Rebel gains in Syria embolden Lebanese Sunnis
Sunnis in Lebanon are growing more outspoken about the most powerful faction in their country, the Shiite movement Hezbollah.
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Hezbollah has been accused by the Syrian opposition and Western officials of dispatching fighters into Syria to assist regime forces crush the rebellion and to train Syrian troops and pro-regime Shabiha militiamen. Syria represents the geopolitical lynchpin connecting Hezbollah to its patron, Iran, collectively forming an “axis of resistance” to challenge Israel and Western ambitions in the Middle East.Skip to next paragraph
In Pictures Reaching a critical juncture in Syria
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The collapse of the Assad regime will blunt Iran’s ability to exert influence in the Middle East and risks weakening Hezbollah in the long-term, especially if a moderate Sunni regime emerges in Damascus.
Rebels making gains
After months of grinding stalemate between the Syrian Army and rebel forces, the latter has been gaining some ground in recent weeks, capturing military bases, securing much of the eastern edge of the country, and pushing deeper into Damascus from the eastern suburbs.
It is too early to predict with confidence the imminent demise of the Assad regime which continues to enjoy logistical support from Iran and the diplomatic backing of Russia, but the regime’s setbacks have created a heightened sense of anticipation that the tide may be turning in the favor of the Syrian opposition. That expectation is fueling increasing Sunni assertiveness against Hezbollah’s pervasive influence in Lebanon.
Sheikh Assir, the Sunni cleric, held his rally on Sunday to commemorate the deaths of two of his supporters last month in a clash in Sidon with members of Hezbollah. Hundreds of Sunnis from Sidon and other cities and towns across Lebanon gathered outside the Bilal bin Rabih mosque where Assir preaches on the outskirts of the city. Many of them were dressed in black and sported thick beards and shaved lips in the Salafist style. Black banners inscribed with “There is no God but God” and flags of the rebel Free Syrian Army fluttered in the breeze as the crowd began marching down the hill toward the city center. “Terrorist, terrorist, the Party of Satan is terrorist,” the crowd chanted playing on Hezbollah’s name which is Party of God in Arabic.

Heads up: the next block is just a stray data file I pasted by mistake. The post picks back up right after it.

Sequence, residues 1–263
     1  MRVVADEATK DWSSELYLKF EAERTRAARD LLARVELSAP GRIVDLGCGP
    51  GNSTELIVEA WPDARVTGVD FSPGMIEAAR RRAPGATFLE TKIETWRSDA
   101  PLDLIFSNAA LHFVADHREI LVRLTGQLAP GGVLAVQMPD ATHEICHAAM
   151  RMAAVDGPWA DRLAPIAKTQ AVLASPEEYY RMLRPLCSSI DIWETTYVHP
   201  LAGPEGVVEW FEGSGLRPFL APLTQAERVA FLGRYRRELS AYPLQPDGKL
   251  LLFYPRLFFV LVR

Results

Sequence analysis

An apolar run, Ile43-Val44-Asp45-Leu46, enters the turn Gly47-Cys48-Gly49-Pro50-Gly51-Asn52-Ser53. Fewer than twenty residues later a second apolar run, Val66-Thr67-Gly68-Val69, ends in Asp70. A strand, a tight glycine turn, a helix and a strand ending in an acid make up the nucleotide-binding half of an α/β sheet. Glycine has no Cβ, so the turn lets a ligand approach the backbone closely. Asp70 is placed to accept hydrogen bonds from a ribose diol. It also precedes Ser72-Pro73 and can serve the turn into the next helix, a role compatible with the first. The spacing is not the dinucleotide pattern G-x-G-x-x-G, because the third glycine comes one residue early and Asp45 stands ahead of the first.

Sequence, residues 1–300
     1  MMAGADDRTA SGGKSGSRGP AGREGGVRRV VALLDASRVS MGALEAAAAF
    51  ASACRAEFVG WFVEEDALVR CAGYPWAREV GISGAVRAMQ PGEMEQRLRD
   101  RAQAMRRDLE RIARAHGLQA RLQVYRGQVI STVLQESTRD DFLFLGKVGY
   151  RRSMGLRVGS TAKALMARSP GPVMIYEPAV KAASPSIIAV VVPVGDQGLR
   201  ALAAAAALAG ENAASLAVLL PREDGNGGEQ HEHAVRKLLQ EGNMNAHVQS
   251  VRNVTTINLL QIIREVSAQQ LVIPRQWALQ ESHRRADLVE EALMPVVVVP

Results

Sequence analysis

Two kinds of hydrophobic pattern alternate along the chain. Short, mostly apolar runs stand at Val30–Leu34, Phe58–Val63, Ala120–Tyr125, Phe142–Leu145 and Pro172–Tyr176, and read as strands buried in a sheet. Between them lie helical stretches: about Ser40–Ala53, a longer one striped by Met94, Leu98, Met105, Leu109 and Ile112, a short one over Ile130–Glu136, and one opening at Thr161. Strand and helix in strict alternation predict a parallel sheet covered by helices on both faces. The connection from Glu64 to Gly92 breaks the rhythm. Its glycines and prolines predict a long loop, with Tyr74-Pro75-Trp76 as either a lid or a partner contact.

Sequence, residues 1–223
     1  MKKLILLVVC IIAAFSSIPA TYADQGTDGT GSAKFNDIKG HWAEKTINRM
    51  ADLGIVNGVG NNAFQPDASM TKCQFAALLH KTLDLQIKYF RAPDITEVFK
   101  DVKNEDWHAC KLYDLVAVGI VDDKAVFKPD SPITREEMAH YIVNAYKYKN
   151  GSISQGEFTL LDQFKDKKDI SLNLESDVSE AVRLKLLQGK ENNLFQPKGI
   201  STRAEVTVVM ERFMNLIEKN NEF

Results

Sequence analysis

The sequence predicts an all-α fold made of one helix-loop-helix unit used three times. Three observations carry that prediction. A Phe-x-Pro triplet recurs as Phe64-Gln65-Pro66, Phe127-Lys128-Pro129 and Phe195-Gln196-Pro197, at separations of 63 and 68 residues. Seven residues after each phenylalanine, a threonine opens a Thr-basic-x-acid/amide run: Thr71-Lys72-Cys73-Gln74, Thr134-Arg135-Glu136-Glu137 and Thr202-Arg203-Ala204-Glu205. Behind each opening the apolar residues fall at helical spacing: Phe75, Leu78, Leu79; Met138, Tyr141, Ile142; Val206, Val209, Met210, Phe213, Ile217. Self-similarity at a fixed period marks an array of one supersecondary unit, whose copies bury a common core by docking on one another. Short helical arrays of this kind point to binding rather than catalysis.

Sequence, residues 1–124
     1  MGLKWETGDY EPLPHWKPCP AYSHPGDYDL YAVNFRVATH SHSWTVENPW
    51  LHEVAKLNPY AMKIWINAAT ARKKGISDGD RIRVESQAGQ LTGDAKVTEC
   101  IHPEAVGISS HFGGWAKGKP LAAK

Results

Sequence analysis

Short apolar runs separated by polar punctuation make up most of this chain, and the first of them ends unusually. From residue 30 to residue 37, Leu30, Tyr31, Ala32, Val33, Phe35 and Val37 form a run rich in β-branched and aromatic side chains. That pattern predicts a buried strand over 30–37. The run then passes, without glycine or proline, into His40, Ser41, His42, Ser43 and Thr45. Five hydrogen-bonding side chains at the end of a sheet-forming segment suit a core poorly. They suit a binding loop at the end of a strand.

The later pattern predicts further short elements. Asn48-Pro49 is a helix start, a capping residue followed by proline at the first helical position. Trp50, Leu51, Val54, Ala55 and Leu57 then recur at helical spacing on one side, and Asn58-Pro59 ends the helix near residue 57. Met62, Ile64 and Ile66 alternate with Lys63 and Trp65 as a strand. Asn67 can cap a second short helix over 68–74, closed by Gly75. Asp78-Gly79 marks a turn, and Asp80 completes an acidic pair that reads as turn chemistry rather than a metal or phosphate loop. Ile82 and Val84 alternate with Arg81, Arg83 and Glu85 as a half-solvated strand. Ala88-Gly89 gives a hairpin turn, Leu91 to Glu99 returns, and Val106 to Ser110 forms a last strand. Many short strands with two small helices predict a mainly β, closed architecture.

“We are against the Iranian project in Lebanon,” says one middle-aged man in broken English. “Hezbollah has put his hand on all the Shiites and let Iran run Lebanon.”
But don’t rallies such as this with its strong anti-Shiite sentiment only worsen sectarian relations in Lebanon?
“Yes, the situation is going to get much worse between Sunnis and Shiites,” the man says. Another marcher overhears the conversation and breaks in.
“No we are not against the Shiites. We want to live in peace with the Shiites. We Sunnis are against Hizbushaitan [the Party of Satan] only,” he says.
Anti-Hezbollah rhetoric was also aired in Tripoli in north Lebanon on Sunday at an event commemorating the 40th day since the assassination of Wissam al-Hassan, a top intelligence chief who was close to Hariri’s Future Movement. In the wake of the car bomb assassination, the anti-Hezbollah March 14 parliamentary coalition called for the resignation of the government, which is dominated by Hezbollah and its allies.
Sunni opponents of Hezbollah have accused the Shiite party of Hassan’s death along with many of the other dozen assassinations, successful and failed, since 2004.
“We are facing a dangerous stage, a stage in which they [Hezbollah] will try to impose Iranian tutelage over Lebanon,” Ahmad Fatfat, a Sunni member of Parliament with the Future Movement, told the rally in Tripoli. “But we say that they must realize that Hassan’s martyrdom has opened the battle for Lebanon’s martyrdom. Therefore, we fear only God. We will face them with a civilian resistance. As we have won over Assad in Lebanon, we will win over Iranian tutelage.”